One of the most pressing issues menacing our ecosystems is the extraordinary amount of plastic materials that end up in nature. It is interesting to confront our present situation, the way our societies have pushed our ressources and environnement, to their limits with the vision of Elisée Reclus, a french geographer of the 19th century (see below), who foresaw the impact of humanity on climate. The installation looks like plastic, the very waste we should be avoiding, but it is in fact made of a fully biodegradable baterian biopolymer.

The short text of Elisée Reclus was engraved on a wooden panel, that served as a mold for the biopolymer. The perishable nature of the material – it can be composted in a few weeks – offers a strong contrast to the engraved message, which, even if it is 150 years old, still remains contemporary.

Elisée Reclus (1830-1905) was, a french geographer, teacher, writer and anarchist. 150 years ago he wrote the two volumes of “La Terre: Description des Phénomènes de la Vie du Globe”. The views he exposes in these very little known books makes him a pioneer of ecology and social geography. One of the reasons his work has been almost forgotten is his political engagement as an anarchist. He was banned from France for 10 years for having taken part in the Commune uprising in Paris in 1971. He lived for a time in Lugano and near Montreux, before settling in Belgium, where he died in 1905.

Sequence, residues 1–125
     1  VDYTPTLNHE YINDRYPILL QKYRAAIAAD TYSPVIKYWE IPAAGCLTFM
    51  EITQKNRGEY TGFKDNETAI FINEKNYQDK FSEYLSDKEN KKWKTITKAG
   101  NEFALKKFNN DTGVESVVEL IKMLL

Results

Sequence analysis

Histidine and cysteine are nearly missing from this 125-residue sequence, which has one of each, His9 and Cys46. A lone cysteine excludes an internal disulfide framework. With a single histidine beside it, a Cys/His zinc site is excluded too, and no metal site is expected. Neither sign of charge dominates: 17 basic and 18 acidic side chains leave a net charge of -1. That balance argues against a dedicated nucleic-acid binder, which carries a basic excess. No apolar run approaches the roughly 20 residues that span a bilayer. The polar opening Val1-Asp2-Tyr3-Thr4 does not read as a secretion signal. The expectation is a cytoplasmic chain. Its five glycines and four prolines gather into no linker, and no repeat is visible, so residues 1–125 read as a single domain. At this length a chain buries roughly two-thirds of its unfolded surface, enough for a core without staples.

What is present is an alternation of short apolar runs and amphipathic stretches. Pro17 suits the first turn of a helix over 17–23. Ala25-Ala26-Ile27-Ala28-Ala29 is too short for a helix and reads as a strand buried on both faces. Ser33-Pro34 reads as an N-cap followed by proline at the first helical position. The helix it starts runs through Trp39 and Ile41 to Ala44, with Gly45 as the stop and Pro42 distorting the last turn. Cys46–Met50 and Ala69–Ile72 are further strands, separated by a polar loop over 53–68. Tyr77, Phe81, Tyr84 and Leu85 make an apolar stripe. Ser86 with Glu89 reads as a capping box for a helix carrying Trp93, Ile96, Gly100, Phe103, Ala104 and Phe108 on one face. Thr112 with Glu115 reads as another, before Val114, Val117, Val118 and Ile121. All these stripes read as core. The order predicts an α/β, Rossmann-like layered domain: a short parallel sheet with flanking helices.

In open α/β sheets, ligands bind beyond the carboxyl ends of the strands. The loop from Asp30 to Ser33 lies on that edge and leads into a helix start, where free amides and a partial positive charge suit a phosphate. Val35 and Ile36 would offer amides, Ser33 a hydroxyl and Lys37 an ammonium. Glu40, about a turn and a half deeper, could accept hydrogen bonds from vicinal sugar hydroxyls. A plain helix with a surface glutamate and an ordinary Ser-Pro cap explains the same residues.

“ The issue of understanding in man’s work what embellishes or instead contributes to hurt nature can seem futile to so-called positive minds: but it is still a primordial issue to address. The development of humanity is intimately linked to the surrounding nature. A secret harmony is established between earth and the peoples she feeds, and when careless societies allow themselves to lay hands on what makes the beauty of their realm, they always eventually regret and seek repentance. Where the soil has become ugly, where poetry has disappeared from the landscape, imaginaries dwindle, minds shrink, quotidian and servitude take over the souls and bring torpor and death. Among the causes which, in the history of humanity, have already led to the disappearance of so many civilisations, one would have to take into account the brutal violence with which most of nations treated the nourishing land. They would bring down forests, dry up sources and overflow rivers, corrupt climates, surround cities with pestilential swamps; then, when nature, violated by them, had become hostile, they would start hating her, and, with no possiblity to go back like a savage to a life in the forests, they would been dazed by the despotism of priests and kings.”

“La Terre: Description des Phénomènes de la Vie du Globe, vol.2” , 1869, Paris, L. Hachette et Cie

KLIMA HALLE
TOUR DE LORRAINE, BERN
JANUARY 2020